Townes, who had worked on engineering radar during the war, came into the field with a unique perspective. He realized that molecules themselves could produce such radiation. Together, with his students James Gordon and Herbert Zieger, he developed the MASER (Microwave Amplification by Stimulated Emission of Radiation) in 1954. In this device, a beam of excited ammonia molecules is sent into a resonating cavity. Light emitted by these molecules stimulates emission from subsequent ammonia molecules which flow into the cavity and, eventually, the maser light is self-sustaining (because a population inversion exists).
With Townes and coworker’s maser built, and theoretical work by Nikolay Basov and Alexander Prokhorov published, the race to create a molecular source of light to produce even shorter infrared wavelengths was on! In 1958, Townes and coworker, Arthur Schawlow, authored a paper describing what was then referred to as an optical maser. Schawlow had realized that by putting the “masing” medium in between two highly reflective mirrors (ie in a cavity), the emitted light could rattle back and forth between the mirrors, stimulating even more atoms in the medium and generating a powerful source of radiation. If one of the mirrors leaked slightly, this monochromatic and coherent light could be let out of the cavity and used. This set-up is commonly known as the Fabry-Perot interferometer.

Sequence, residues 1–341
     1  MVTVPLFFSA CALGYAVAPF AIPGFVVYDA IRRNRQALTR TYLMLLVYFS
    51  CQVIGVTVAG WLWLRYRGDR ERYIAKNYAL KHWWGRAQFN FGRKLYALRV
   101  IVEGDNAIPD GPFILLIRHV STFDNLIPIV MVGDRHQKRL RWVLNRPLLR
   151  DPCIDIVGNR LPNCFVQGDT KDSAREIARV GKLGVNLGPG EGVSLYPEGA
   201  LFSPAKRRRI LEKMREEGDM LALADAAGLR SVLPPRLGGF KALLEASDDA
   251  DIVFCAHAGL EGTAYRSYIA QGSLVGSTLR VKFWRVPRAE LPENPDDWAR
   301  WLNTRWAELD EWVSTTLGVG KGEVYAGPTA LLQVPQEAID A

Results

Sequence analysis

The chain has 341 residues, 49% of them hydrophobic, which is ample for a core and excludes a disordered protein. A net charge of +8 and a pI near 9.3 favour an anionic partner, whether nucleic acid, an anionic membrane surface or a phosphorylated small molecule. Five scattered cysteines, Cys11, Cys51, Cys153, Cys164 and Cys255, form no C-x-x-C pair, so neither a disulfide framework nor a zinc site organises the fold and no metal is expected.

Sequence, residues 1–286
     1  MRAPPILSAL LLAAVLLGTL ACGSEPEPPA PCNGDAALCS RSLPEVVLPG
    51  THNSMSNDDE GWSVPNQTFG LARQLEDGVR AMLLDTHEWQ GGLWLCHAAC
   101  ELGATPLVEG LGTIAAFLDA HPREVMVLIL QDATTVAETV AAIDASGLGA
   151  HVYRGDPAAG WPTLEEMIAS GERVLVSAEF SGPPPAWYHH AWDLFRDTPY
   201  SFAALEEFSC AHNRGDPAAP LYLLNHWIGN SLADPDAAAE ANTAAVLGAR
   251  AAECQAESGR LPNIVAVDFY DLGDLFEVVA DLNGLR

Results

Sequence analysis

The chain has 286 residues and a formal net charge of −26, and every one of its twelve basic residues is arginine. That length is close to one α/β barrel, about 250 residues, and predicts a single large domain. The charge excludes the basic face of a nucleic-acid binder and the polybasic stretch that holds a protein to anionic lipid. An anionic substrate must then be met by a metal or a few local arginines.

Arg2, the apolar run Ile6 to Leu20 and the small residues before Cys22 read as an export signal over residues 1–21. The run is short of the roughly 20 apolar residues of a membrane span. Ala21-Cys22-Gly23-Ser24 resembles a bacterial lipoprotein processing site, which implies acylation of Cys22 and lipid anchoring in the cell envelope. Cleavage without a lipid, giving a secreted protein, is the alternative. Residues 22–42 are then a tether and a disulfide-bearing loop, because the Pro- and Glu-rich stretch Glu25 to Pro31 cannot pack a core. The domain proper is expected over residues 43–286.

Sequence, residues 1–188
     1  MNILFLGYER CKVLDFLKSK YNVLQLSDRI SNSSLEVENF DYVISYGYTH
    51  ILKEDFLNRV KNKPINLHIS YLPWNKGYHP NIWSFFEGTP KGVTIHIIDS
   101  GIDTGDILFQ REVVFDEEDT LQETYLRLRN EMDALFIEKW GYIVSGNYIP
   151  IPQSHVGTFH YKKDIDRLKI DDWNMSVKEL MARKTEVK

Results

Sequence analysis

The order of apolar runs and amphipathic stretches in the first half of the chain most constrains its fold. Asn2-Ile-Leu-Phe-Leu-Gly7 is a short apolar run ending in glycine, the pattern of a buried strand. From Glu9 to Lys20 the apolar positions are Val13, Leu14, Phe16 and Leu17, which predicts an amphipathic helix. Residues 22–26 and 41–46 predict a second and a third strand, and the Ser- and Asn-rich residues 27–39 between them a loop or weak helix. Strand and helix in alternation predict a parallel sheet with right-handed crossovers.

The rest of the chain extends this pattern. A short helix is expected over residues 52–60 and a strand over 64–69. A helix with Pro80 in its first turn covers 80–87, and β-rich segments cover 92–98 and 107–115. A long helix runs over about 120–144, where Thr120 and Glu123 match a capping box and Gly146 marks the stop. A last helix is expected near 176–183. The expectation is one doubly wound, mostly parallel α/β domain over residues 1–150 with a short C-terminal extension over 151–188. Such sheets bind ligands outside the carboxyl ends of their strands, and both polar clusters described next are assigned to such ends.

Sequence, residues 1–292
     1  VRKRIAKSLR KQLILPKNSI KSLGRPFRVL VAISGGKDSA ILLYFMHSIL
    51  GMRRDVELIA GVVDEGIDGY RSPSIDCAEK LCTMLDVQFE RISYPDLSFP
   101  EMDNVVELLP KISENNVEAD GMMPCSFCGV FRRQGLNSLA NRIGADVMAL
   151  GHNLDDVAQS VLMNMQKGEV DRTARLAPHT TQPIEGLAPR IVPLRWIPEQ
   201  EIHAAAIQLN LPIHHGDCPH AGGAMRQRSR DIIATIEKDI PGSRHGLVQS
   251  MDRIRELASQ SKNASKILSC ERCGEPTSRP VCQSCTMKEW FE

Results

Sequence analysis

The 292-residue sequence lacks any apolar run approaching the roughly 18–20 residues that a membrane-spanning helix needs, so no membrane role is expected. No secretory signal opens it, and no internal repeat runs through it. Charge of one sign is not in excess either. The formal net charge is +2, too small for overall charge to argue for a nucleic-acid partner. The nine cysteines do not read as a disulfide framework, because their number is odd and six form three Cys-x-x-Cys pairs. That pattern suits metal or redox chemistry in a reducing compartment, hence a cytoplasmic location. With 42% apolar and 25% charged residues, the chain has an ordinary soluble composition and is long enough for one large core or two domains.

Around this time, Gordon Gould, then a graduate student at Columbia with Nobel laureate Polykarp Kusch, had sketched out a similar design in his lab notebook, entitling the device a LASER (Light Amplification by Stimulated Emission of Radiation). Unlike Schawlow’s original design, Gould realized that he could use light to excite the electrons in the medium. This optical pumping could theoretically allow for a larger variety of lasing media, extending the optical maser technique far beyond the infrared regime.
In 1959, nine months after Townes and Schawlow applied for a patent on behalf of Bell Laboratories, Gould too applied to patent his laser design. After the patent was awarded to Bell, Gould sued, initiating a legal battle that would endure for 30 years until the patent was finally turned over to Gould. One year after the patents were originally filed, Theodore Maiman at Hughes Research Laboratory demonstrated the first working laser using a flash lamp and ruby rod, publishing in Nature (Physical Review Letters initially rejected his paper). And thus, the race for the laser was won.
Upon demonstration of a working laser, the fields of spectroscopy and laser engineering exploded, giving rise to a new wave of technology and science, one that has shaped our current lives irrevocably.
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2. Phys. Rev. 99, 1264 (1955).
3. Phys. Rev. 112, 1940 (1958).
4. Nature 187, 493-494 (1960).